Singapore’s fashion industry is entering a new chapter with the recent rebranding and new strategic direction of its leading trade association, which is now known as the Singapore Fashion Council (SFC). The organisation, formerly known as the Textile and Fashion Federation, hopes to better support the aspirations of its members and the wider fashion industry with the overall aim of building a more connected fashion ecosystem. It has pivoted its role as a catalyst for new and diverse partnershi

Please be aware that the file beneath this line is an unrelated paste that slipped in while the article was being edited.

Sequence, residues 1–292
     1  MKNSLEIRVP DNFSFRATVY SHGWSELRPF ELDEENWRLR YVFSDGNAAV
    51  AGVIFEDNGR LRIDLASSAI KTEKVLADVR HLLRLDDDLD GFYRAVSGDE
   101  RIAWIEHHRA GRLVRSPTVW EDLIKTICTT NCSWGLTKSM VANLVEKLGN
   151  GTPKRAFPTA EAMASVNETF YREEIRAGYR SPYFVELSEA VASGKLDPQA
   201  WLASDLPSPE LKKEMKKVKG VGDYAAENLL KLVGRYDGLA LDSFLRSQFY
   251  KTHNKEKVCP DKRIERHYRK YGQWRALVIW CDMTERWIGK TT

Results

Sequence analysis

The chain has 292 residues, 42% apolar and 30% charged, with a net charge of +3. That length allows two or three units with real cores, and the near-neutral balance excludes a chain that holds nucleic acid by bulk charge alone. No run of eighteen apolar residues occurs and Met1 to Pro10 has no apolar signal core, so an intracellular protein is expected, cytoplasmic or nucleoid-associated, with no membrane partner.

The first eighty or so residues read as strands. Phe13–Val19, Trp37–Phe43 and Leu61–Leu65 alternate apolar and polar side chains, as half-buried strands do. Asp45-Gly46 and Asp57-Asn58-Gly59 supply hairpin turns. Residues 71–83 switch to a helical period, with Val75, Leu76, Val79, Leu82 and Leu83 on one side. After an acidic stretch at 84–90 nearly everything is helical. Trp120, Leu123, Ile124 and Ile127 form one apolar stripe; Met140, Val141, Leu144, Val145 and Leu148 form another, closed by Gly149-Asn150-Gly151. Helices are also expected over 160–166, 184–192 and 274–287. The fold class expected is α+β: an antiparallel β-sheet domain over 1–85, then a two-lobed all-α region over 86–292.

nerships across sectors and geographies to bring benefits across the value chain. “I think overall 2022 has definitely been quite a big step on the accelerator for us,” Leonard A Choo, director of industry development at SFC, told Inside Retail. Putting Singapore on the map Choo shared that the recently concluded Singapore Stories fashion event was a success, attended by a host of high-profile guests, and the marquee fashion runway event was a great wrap-up for the organisation as a whole. The event is a fashion design competition that invites fashion designers to showcase their craft and personal interpretations of a Singapore-inspired capsule collection featuring both men’s and women’s apparel. For 2022, the organisation invited designers to create a six-look capsule collection, themed ‘Fashion United’. The event saw Kavita Thulasidas taking home the title as the winner of the competition. Thulasidas impressed the panel of judges with the ingenuity and exceptional craftsmanship on display in her capsule collection. Innovation Rules Thulasidas’ collection, titled Heritage Reinterpreted and Beyond, paid tribute to Singapore’s Asian roots while looking forward to the nation’s global aspirations for the future. Incorporating various design elements from Indigenous cultures in the region, the collection highlighted highly intricate traditional embroidery techniques that are fast disappearing, while bringing a contemporary perspective to these Asian fashion practices. Choo observed that clever innovation is energising the fashion world and elevating Singapore’s fashion ecosystem. “We are looking into innovation, and the new frontier of the metaverse, as well as a renewed focus on sustainability. It’s like we are coming out of this fog with the pedal to the metal, so 2022 has been equal parts challenging and thrilling for us,” he said. A holistic perspective According to Choo, the SFC plays a very important role in Singapore’s fashion ecosystem as the representative trade association for the island-nation’s fashion industry. “This means we not only represent local Singapore fashion businesses, but also international businesses that find a home in Singapore. When we say fashion, we don’t only refer to apparel companies, as for us, fashion is both vertical and lateral,” he noted. The association is looking into every aspect of the industry, from fibres to post-consumer issues along the value chain. From supply chain matters, including packaging to issues revolving around sustainability, all of it matters to the organisation. “We’re talking about tangential services and related ecosystems such as payment systems, technology systems, sizing solutions, e-commerce gateways and all kinds of lifestyle elements, we house it all together through our various initiatives,” he said. Technology focused According to Dr Charles Ling, senior director of innovation and technology at SFC, the organisation is also heavily involved in individual incubation strategies for start-ups. “We are working with a whole range of partners, and one example is our collaboration with StarHub to go into augmented reality (AR) and virtual reality (VR) and explore avenues in the metaverse as well,” he told Inside Retail. Ling revealed that the organisation is also in the midst of talking to government agencies to explore ways to elevate the fashion industry to new heights in the ever-evolving technology landscape. SFC recently signed Memorandums of Understanding with 10 partners that will work with the association to support the industry in these three strategic thrusts. They include both local and global names such as Asian Civilisations Museum, B Lab Singapore, Deloitte Singapore, DBS, HSBC, LASALLE College of the Arts, Ngee Ann Polytechnic, STACS, StarHub, and Temasek Polytechnic. Sustainability is key Interestingly, the organisation just released a green financing ecosystem starter pack for start-ups. “We see this as a really important part of the industry, because there is a very strong directional pull for the industry to move towards standards based certifications,” Carolyn Poon, SFC’s director of sustainability, told Inside Retail. According to Poon, when companies want to increase their working capital or find financing for their expansion or innovation plans, they need to go to the banks, so SFC sees the banks as ecosystem partners that can develop standards in this space. “We have managed to rope in B Lab Singapore as a market stakeholder and standard-based body, they can help businesses become better at environmental issues and social issues, but also have a verifiable pathway to showcase their ESG capabilities,” she added. Asian craftsmanship The SFC is very focused on ensuring the heritage of Asian craftsmanship remains something that is cherished for generations to come. “We work very closely with the Asian Civilisations Museum (ACM), here in Singapore, and the idea is to give designers and companies access to greater knowledge and celebrate our cultural history and material heritage in this part of the world,” Choo said. The second element of its approach is a regional outlook, and SFC is still in the nascent stages of creating these programs to promote and elevate Asian craftsmanship and businesses in the region, as a natural extension of Singapore’s historical position as a trading hub. “SFC works with partners such as the LaSalle College of the Arts and ACM, and we are looking into creating possibilities for contemporary craft trade shows or perhaps even study trips abroad to learn more about artistic communities in other countries,” Choo said. Singapore to the world In Choo’s opinion, SFC’s role is to showcase Singapore to the world, and bring the world to Singapore. “The overarching theme is to position ourselves as a strategic hub for the intersections of fashion businesses, be it through the centring of talent and resources or market opportunities, by bringing it all together for the larger global community,” he said. To sum it all up, Poon believes SFC is now at a critical juncture in its journey to bring the power of enterprises and the voices of consumers together into the same picture to champion sustainability well into the future. “Helping businesses to launch sustainability practices that are certifiable and verifiable is key so that they don’t get themselves into greenwashing type of accusations. Things are evolving rapidly in this space, so we hope to shape the right direction going forward,” she said. Onwards and upwards Poon also feels there is room for improvement in the customer space. In her opinion, an education gap is keeping consumers from making more sustainable choices. “We are not just talking about handing out books on the topic, but we are talking about starting the conversation around sustainability among young school students as well. This is something we will continue to work hard at,” she said. Ultimately, Choo believes that the trade winds are shifting, and more fashion businesses are looking to set up operations on the island. “One big thing we are looking at is capability development, which is the preparation on the ground, getting the talent ready to work for these companies. This will solidify Singapore’s place in the global fashion ecosystem,” he said.